• Kids say
Adult Written byRyleefreeway August 20, 2015

It's totally fine!

It's ok completely! There are some questionable parts but nothing not in pg13 movies! It's mostly the language but nothing teens haven't heard,... Continue reading
Adult Written byvishnumurali123 August 13, 2015

Too much

Its a comedy, but the old is always good. This movie is really inappropriate from start to finish, but any mature 13 year can handle. The main this is nudity an... Continue reading
Teen, 15 years old Written byJordan1568329 August 20, 2015

It's good

It was good, I'm 15, my parents saw it and told me I could see it w friends (parents are strict w movies, no R at all) evn tho it was R they let me because... Continue reading
Teen, 17 years old Written bySalsander August 2, 2015

Crude and Terrible

Definitely not as funny as National Lampoons vacation. There's a lot of immature humor, but nothing really eyebrow raising (or funny for that matter).
Vio... Continue reading

What's the story?

VACATION reunites us with the Griswold family: Ed Helms is the grown Rusty Griswold, now an airline pilot who lives in Chicago with his wife, Debbie (Christina Applegate), and two sons, James (Skyler Gisondo) and Kevin (Steele Stebbins), who constantly attacks his older brother. After friends brag about their memorable trip to Paris, Rusty decides that his family needs to recreate the long-ago Griswold road trip to Walley World in California. So Rusty rents a Tartan Prancer ("the Honda of Albania") and drags his reluctant clan across the country. As in the original, the Griswolds then face a seemingly endless list of obstacles and humiliating tragedies that nearly derail their ability to get to their destination.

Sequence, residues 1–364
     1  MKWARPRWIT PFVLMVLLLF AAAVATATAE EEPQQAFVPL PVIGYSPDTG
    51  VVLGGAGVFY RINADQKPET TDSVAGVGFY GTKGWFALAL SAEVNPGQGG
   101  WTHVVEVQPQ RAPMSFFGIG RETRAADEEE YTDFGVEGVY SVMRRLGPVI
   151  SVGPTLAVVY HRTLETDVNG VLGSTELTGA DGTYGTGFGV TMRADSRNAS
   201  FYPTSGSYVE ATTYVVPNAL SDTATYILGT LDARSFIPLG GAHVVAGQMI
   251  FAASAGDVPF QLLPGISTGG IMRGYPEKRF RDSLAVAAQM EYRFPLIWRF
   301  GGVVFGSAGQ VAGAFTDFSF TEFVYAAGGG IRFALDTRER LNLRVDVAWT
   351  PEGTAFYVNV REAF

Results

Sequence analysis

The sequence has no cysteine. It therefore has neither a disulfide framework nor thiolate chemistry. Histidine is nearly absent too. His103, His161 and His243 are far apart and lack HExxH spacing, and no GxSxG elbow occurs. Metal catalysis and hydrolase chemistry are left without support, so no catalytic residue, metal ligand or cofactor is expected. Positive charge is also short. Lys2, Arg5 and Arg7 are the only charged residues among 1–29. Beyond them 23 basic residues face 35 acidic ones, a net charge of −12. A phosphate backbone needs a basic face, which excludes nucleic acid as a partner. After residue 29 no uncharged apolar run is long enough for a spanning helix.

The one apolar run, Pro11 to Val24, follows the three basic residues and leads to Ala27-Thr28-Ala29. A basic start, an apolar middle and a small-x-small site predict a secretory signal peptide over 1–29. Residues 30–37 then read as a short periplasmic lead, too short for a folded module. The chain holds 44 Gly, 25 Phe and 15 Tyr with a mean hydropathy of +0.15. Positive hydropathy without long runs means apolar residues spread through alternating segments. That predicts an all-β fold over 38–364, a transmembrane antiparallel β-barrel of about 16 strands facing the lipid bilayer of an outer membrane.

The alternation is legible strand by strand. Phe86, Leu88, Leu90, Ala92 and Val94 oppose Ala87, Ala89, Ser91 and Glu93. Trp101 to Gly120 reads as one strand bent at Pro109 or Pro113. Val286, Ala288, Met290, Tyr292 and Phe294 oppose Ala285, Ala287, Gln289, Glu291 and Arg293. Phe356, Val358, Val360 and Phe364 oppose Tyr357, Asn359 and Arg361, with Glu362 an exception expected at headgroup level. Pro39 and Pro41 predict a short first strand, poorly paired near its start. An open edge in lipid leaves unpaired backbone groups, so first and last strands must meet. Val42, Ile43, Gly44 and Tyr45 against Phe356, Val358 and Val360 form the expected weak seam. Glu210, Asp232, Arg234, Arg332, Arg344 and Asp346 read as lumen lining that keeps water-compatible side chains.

Is it any good?

You'll likely have a few laughs watching this movie, but they're coming at the cost of base, gross-out, juvenile, sexual jokes. Although there's no doubt that the original Vacation was crass, Chevy Chase and Beverly D'Angelo (who make a brief appearance here) made most of the franchise memorable; but the new version -- despite a talented cast -- tries so hard to be provocative that the gags feel over-the-top and forced. The sequence of Debbie chugging an entire pitcher of beer and then proceeding to projectile vomit her way through a sorority obstacle course is especially gross, as are the references to rape, pedophilia, incest, and sex acts.

That's not to say that audiences won't laugh. Charlie Day pops up as a suicidal white-water rafting guide who leads the Griswolds on a killer (and admittedly hilarious) ride. Other actors -- like Norman Reedus, Michael Pena, and Keegan Michael Key, as well as Leslie Mann and Chris Hemsworth as, respectively, Rusty's sister, Audrey, and her attractive (and ridiculously endowed) husband, Stone -- also add much-needed relief from the brothers' squabbling and Helms' clueless attempts at family bonding.

Talk to your kids about ...

  • Families can talk about reboots and remakes. Why are they so common? Why do you think filmmakers and studios are drawn to them? How does Vacation stack up to others?

  • How are sex and drinking portrayed in the movie? Are characters responsible when it comes to both topics? Are there realistic consequences? Parents, talk to your teens about your own values on these subjects.

  • Vacation -- like some other comedies -- uses humiliation as a source of humor. What do you think about this brand of humor? Why do certain topics make some people laugh and not others?

  • Most of the movie's violent moments are played for humor. Does that change their impact? Is it OK to let kids see some types of movie violence but not others?

Movie details

Our editors recommend

For kids who love comedy